(Now available to pre-order from Nightboat Books)




The Platform

On the subway platform, Virgil shows off to the two blacks. One, he notices much more than the other, because that one is making a sound. This sound manIfests somewhere between beat box squeak and crow, or between a scream from a girl (or boy) being pounded out by a Chubold, or the actual Daddy Mugs—certainly into a boy—or the dryer which strains at an internal hinge, leaking its song, or the steel pulsing subway tracks, sound widening towards the waiting passengers.

The dream, itself, is suspended, so much so that he believes that Butch, upstairs, has died sometime in the night, or is actually dying at the moment Virgil hears these noises. But of course, Butch is alive, and the sound he makes in the night is not at all melodic, yet it’s something Virgil wants to hear.

What was that?

A bird crashing into the window.

Or maybe the sound is not a sound at all, but The Defeated’s mouth, which is like an octopus’ opening, the teeth separating. The jaws emit a beak, first, over Virgil’s eyes, jutting out to cover his face with its cutting. Virgil’s tongue is short and wide in his mouth.

Virgil’s teeth, though yellow, are symmetrical, and they keep him attuned to what he needs to make. When he tries to pull away, he is drawn back into the arms of The Defeated, dragging him from what he wants to be.

The puffy black bird—it snatches a blueberry from the bush and gorges it in the windowsill in Virgil’s vision, but the birdbath is empty. How does this absence attach itself to the fear he feels when he moves away from the blacks on the platform?

Nothing to stare at, no window, no anticipatory longing.

Virgil under attack by blacks is a racist constant—

“Let me see what you’re writing,” and Virgil, like a punk-azz bitch, says, “You mean my term paper?” and this relinquishment, forces him awake. In retrospect, Virgil cannot adequately reconstruct the dream, but he does recall the arrangement of power, a power over him, daring him to stand up from his desk by the boy, all black, while Virgil saw himself, as half, settled, even then, in the tension.

The encounter remains with him, but the dream, by the time he gets to its construction, is so far away; in fact, only the most racist remnants remain in his dream, the boy’s hair a minor fro, a muscle shirt, the ash on his jaw, his body thin, arm curvy and strong. Virgil’s body, flows, his hair, wet with Ultra Sheen, reading Tennis magazine, yellow Dee Cee’s with thin white piping down the side, all from Kmart, even then, Virgil was fattish.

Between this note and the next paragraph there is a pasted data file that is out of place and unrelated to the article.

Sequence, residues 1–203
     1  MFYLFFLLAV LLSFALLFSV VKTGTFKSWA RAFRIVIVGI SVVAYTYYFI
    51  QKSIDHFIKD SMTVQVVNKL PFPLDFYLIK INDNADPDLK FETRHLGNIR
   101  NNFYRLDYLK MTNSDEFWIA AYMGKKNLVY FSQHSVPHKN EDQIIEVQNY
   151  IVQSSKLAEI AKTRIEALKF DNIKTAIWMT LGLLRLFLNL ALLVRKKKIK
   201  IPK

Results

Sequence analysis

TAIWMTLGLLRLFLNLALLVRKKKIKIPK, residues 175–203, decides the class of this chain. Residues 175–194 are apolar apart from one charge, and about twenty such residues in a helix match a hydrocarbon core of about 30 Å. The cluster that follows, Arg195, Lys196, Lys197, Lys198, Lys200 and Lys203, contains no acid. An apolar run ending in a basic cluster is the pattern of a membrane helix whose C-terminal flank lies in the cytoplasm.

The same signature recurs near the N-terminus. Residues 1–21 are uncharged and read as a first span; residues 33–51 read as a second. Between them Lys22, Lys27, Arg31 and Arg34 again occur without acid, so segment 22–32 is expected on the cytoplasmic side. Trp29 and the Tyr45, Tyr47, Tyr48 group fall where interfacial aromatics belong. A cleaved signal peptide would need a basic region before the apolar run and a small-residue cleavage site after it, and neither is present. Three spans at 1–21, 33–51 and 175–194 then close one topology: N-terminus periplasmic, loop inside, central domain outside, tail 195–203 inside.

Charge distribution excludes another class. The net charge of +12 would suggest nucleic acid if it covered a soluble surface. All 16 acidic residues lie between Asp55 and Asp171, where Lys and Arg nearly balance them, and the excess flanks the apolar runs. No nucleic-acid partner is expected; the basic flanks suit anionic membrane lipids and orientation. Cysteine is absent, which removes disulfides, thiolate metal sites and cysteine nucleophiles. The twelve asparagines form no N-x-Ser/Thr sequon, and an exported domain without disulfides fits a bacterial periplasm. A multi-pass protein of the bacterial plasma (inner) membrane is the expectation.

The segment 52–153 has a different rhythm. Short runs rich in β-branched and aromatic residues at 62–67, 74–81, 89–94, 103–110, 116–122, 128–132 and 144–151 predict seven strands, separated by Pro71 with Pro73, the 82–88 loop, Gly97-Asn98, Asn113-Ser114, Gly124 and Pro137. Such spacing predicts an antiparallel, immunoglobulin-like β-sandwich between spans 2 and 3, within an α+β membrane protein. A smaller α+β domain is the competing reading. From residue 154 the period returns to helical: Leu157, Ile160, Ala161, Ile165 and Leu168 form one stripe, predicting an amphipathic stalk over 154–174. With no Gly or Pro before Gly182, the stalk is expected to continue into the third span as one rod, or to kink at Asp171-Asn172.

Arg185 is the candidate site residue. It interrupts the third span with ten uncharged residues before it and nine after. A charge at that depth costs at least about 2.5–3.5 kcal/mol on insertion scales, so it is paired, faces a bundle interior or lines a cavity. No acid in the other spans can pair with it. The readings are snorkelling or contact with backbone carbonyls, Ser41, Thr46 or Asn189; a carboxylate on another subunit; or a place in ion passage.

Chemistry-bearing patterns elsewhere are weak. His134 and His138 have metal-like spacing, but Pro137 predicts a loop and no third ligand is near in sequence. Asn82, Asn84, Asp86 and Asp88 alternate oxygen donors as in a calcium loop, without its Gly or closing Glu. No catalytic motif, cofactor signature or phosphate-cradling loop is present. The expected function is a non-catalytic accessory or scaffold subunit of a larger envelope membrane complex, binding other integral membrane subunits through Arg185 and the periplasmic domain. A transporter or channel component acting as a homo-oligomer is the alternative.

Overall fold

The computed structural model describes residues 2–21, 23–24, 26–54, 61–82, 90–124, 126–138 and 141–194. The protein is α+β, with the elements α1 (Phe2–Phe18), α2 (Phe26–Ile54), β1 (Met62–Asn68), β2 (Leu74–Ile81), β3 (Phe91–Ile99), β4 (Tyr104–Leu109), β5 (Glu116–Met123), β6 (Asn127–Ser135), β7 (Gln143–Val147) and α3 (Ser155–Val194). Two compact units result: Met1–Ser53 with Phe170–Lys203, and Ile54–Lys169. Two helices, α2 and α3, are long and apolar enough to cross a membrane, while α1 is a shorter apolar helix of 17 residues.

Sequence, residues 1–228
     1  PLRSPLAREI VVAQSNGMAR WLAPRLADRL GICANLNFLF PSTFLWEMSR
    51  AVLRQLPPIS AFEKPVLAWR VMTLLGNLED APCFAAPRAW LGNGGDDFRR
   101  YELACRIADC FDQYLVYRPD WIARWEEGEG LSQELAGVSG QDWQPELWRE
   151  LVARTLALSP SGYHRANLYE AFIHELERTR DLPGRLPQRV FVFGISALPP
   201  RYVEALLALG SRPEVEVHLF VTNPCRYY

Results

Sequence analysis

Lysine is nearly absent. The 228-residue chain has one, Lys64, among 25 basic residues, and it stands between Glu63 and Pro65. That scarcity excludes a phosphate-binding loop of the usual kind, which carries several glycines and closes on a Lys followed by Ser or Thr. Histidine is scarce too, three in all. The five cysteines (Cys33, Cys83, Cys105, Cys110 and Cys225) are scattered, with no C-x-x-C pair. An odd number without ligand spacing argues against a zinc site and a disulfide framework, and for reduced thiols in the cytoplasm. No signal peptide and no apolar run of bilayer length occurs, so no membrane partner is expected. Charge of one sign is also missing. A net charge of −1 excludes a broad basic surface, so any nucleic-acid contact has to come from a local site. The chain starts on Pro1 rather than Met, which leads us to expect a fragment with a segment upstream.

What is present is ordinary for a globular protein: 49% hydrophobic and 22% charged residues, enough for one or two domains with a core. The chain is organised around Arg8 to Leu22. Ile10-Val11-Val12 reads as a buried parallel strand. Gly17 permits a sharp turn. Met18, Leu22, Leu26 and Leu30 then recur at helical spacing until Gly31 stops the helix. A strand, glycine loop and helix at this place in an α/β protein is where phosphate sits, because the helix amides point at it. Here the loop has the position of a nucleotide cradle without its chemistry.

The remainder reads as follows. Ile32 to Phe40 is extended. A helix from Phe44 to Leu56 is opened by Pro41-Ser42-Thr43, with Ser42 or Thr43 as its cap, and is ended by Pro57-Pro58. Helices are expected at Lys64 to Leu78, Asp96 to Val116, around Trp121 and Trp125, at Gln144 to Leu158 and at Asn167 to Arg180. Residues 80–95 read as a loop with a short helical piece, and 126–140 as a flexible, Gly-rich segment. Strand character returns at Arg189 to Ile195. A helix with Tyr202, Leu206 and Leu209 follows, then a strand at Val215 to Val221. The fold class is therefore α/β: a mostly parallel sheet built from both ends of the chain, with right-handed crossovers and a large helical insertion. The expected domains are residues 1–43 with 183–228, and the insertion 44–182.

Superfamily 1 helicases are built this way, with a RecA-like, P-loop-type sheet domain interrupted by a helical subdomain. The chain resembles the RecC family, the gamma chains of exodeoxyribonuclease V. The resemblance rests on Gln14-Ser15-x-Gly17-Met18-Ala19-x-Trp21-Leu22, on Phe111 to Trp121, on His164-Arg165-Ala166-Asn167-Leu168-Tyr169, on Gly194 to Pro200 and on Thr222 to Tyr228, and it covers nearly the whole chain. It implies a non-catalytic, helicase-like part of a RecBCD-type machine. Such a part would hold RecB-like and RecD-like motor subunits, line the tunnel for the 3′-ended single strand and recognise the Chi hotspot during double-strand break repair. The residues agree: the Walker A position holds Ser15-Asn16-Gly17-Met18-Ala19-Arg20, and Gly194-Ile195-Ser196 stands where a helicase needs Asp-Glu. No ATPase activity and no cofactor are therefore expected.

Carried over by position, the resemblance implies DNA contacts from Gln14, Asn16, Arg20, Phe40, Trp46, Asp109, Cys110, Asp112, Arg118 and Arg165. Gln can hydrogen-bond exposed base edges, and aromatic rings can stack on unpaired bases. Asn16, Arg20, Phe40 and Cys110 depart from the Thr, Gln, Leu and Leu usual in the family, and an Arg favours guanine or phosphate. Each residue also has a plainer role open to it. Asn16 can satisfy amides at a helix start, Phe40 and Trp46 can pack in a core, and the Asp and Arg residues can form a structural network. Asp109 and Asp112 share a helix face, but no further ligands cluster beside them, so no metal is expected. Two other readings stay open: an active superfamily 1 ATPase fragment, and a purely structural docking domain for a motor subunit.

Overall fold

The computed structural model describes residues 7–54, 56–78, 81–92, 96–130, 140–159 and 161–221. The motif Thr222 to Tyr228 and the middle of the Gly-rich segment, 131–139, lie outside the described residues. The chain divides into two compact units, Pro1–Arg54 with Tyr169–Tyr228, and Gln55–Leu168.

It is less being between dream and memory that reveals the saliency of the experience, but something else, it’s what manifests between waking and carrying that drives Virgil’s critique. The morning (or post-nap) is the space where Virgil examines what just happened. The plot is pulling out of his own unconscious, and the plot is also pulling up something from a past he has tucked away. It is not accidental. It is, after all, a way of seeing into the questions of who that little brown boy was, and who this black man is, all in the space of saying:

I will not chase the consumptive.
I will, instead, involve myself in the productive. All against the threat of whiteness—

The sale on the Oliver Peoples frames. The artist who “redacts” language from the NYT—Blackness, or us, or all: In there, too, exists, plot.

Or the plot is in the fact that he cannot recall a single isolated idea, once it is written on the page. Perhaps it is the sea of argument he is after. CandidateOrangutan sports a red cap and wants to build a giant, beautiful wall between us and them, brown and white, and in the movie The Boy in the Striped Pajamas, there is a fence, and one boy (Bruno) goes under it, to look for his friend’s (Shmuel’s) father only to be caught up in a gang sweep and gassed to death.

He, the little white boy with brown hair and blue eyes is gassed along with him, the boy without hair and rotted out teeth. White/White. This happened, but bitch so did Slavery. So, the confusion is in the plot that divides the reality of what Virgil is into what he hopes to be, the submerged self, caught in the fantasy of becoming one wall, or the other—In other words, what sense might this scene make, and what’s the urgency of its return in the face of what Virgil chooses to watch, what’s real, and how might he sleep to disgorge these considerations?

Queen M says that the structure of the project that Virgil will carry as he moves across the fictive is bound by his dissertation, in what she names an “invisible scaffold,”—Virgil, attentive to dreams and memory, is also attuned to form. This is to say that he is interested in the ways that form works in collusion with vision, not content. Though this is crucial, Virgil knows that he’s liquid across such thoughts.

He understands this by way of walks—even in a Port Jefferson Station strip mall parking lot, he attempts to figure it out. This time, he is talking to Stream, who is

interviewing to elevate into another strata, from now being out of work, to the prospect of being in charge of directing cruises for the rich, those who can charter yachts to freedom, any single booking, a business expense.

Battle into whiteness, a city by the sea—

To work in prose, for Virgil, is not like working in collage, or in poetry. It is closer to being free. The freedom to pursue a line remains the source of the possible, to remain nimble in order to engage in the present, so any one encounter is only a set of coordinates as artificial relations between the subject and the scene, or the scene as the encounter becoming palpable within the scope of the dream—or chance—Virgil’s notations, life, etc.

By the gassing, Virgil is not devastated, but he wants amends, amends that cannot be made outside of what he renders or recalls. In the second part of the dream, Virgil looks at the unveiling of a boring party. There are Asians in that dream. The party, unveiled in stages, is a picture, opened up in sequences. The dream is staggered against this. A sequence is formed. Wind chimes, birds garble, and bark, too.









The Conversation

Some go on vacations to get away, but Virgil understands he must remain in one place even if Virgil goes. On vacation, Virgil likes to stay in the hotel, or he goes nowhere, or he goes back home to understand the limitations of who he is.